Wednesday, 30 April 2014

Enforcement of a JAG award in Greece

The Thessaloniki 1st Instance Court granted enforceability to an arbitral award rendered by an arbiter of the Judicial Arbiter Group, situated in Denver, Colorado. Among other issues, the Greek judge examined the conformity of the US award to Greek public policy [Case Nr. 21870/2013, unreported]. 

The facts: The parties, i.e. a US company, with its seat in Greenwood Village, CO, and a Greek entrepreneur, concluded a franchise agreement in 2009. It was agreed that the US company (franchisor) would grant franchise rights to the Greek counterpart (franchisee). The latter issued two promissory notes to the order of the franchisor, due in October 2009 and April 2012. The franchisee failed to pay the agreed amounts, which led the franchisor to the decision to terminate the agreement in July 2012. Mid November 2012 the US company filed an application for an arbitral award at the JAG, thus activating the arbitration clause agreed by virtue of the franchise agreement. Pursuant to Art. 21.2 of the contract, the parties agreed not to question the validity or enforceability of the award. According to Art. 21.5, the Federal Arbitration Act would be applicable. The Greek court referred to § 2, 201 & 202 of the above Act. The applicant sought damages consisting of: 46.127,81 $ for trade mark infringement, alternatively for violation of the franchise agreement; 75.935,77 $ & 22.221,91 $ for payment of the promissory notes, interests included; 16.887,90 $ for costs and lawyer’s fees. The hearing was set for February 13, 2013. The franchisee was notified of the proceedings through e-mail sent by the applicant on November 15, 2012, and by the arbiter’s office on December 6, 2012. The award was issued end February 2013, ordering the payment of the amounts above. It was also ordered that the franchisee should refrain from any competitive acts within the Greek territory for one year. The US company requested that the arbitral award be recognized and enforced pursuant to the 1958 New York Convention on the recognition and enforcement of arbitral awards. Both countries are signatories of the Convention.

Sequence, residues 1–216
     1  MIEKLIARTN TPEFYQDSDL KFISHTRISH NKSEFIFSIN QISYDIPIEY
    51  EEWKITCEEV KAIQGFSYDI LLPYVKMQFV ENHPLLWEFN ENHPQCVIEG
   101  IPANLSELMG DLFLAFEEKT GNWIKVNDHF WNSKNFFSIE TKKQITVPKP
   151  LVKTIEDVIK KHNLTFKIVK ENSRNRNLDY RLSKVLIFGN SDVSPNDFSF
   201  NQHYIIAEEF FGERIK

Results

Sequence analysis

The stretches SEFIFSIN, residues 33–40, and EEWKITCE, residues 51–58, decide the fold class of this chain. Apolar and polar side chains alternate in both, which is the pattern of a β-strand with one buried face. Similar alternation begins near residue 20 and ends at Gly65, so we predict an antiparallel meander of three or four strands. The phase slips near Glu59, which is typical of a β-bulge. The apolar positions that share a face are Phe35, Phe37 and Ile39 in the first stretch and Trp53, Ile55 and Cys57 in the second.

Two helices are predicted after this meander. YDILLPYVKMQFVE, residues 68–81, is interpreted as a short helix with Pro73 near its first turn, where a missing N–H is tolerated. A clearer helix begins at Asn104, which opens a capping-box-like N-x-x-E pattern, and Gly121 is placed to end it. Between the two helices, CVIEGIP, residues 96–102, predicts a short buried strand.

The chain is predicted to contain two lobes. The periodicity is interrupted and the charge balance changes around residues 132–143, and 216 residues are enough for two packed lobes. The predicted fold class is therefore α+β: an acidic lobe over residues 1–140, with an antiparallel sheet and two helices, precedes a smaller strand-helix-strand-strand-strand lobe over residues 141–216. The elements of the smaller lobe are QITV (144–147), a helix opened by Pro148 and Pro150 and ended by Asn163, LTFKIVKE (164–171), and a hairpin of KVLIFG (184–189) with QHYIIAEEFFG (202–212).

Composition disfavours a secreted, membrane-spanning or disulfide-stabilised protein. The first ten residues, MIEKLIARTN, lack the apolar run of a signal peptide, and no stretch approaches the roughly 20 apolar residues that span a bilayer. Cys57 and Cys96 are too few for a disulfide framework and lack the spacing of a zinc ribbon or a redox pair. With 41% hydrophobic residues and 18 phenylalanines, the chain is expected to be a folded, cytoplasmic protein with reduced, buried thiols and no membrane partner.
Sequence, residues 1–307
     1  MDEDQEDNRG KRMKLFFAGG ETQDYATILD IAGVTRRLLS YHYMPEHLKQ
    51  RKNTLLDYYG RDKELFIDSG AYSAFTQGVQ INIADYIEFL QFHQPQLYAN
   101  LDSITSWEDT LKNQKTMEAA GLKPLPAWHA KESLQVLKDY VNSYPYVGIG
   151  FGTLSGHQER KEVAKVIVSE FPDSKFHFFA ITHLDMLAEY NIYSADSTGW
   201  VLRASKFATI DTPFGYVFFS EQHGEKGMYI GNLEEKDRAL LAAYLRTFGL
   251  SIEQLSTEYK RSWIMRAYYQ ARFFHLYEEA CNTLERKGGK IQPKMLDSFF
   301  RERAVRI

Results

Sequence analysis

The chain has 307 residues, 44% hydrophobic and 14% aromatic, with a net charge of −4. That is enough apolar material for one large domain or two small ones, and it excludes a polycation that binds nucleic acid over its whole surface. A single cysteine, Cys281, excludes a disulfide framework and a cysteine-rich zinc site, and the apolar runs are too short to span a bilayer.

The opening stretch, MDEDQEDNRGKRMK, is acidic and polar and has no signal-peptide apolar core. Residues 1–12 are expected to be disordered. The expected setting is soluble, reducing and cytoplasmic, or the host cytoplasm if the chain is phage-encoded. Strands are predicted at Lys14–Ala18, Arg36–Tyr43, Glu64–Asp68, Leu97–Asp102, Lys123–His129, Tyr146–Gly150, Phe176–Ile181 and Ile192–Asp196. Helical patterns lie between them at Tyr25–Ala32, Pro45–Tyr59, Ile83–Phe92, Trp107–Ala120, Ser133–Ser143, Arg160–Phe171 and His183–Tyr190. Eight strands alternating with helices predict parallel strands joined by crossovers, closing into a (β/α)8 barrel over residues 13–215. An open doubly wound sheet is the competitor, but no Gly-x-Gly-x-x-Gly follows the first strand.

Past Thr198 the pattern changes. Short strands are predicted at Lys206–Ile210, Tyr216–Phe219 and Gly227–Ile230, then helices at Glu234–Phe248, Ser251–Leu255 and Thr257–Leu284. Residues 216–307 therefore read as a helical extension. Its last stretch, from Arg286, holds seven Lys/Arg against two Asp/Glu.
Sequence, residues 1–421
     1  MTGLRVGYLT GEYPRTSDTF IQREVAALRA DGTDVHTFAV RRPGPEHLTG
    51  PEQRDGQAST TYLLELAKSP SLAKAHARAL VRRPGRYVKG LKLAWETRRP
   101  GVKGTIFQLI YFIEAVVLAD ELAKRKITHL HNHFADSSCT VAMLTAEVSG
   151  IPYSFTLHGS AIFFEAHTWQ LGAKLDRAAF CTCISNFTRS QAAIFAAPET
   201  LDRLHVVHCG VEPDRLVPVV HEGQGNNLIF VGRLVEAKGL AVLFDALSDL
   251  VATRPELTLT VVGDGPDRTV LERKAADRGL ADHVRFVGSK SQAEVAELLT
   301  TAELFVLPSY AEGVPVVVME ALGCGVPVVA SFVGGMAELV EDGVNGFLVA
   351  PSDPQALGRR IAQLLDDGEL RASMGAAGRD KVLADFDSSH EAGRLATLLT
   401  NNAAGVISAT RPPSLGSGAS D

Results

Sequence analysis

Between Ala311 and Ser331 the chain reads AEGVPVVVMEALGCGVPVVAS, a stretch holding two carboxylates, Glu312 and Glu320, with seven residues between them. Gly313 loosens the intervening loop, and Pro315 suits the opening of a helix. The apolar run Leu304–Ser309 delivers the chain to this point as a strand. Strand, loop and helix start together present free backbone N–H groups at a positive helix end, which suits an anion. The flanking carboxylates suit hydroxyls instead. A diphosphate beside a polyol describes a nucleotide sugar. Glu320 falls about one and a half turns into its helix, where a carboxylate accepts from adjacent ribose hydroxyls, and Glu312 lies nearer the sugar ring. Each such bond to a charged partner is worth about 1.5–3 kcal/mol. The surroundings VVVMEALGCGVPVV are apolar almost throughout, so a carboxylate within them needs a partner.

The ruling: The court applied the New York Convention, which forms part of Greek law since 1961. The franchisee raised a number of points under Art. 5.1, however it did not produce any evidence in order to support the grounds of refusal asserted.
The court examined the public policy reservation in light of the following allegations made by the franchisee:
a.      That the agreement was imposed to her by the US company. It has not been proven that the arbitration agreement was the result of duress by the applicant against its Greek counterpart.
b.      That she was deprived of her rights to participate in the arbitration proceedings. It has been proven that she was given proper notice and in time sufficient to arrange for her defense.
c.       That she would have to spend a significant amount for protecting her interests before the arbiter in Denver, i.e. approximately 10.000 $ advance payment, plus 420 $ per billable hour. It has not been proven that the franchisee’s financial situation was such, as to impede her participation in the arbitral proceedings. Besides, so the court, the amounts mentioned above were probably high, however in proportion to the subject matter, thus not excessive and disproportionate, so as to activate the public policy ground for refusal.
d.      That the interest rate agreed (18 %) is 10 % higher than the present rate in Greece. The court stated that an interest rate exceeding the current domestic rate does not constitute per se a public policy violation. It also added that it is not permitted to the court of destination to examine how the foreign award applied the agreement of the parties in this respect.
e.      That the order of the arbiter against the franchisee to refrain from any competitive activities violates domestic public policy. The court dismissed the point, referring to the facts of the case as accepted by the arbiter, namely that the franchisee continued to offer the same services without fulfilling her obligations towards the applicant.  

Comments: To my mind, two issues should be highlighted in this decision.
a.      The court did not hesitate to grant full validity to e-mail messages for the purposes of Art. 5.1 b of the NYC. I don’t recall any decision from my jurisdiction being so generous to such a method of notification. The reason lies probably in the franchisee’s omission to challenge this form of notice.
b.      The second point relates to the part of the award, which grants damages for trade mark infringement, or alternatively for violation of the franchise agreement. As noted in earlier postings with respect to a Ukrainian and a Chinese arbitral award, a penalty for non-performance is not per se contrary to Greek public policy; still, Greek courts are obliged to estimate whether the amount is to be considered as excessive according to domestic public policy standards. Failure to proceed to the test leads to reversal [Supreme Court 1260/2002]. In the present case, the court did not examine the issue whether punitive damages for non performance reaching almost 50 % of the actual claim are in sync with Greek public policy.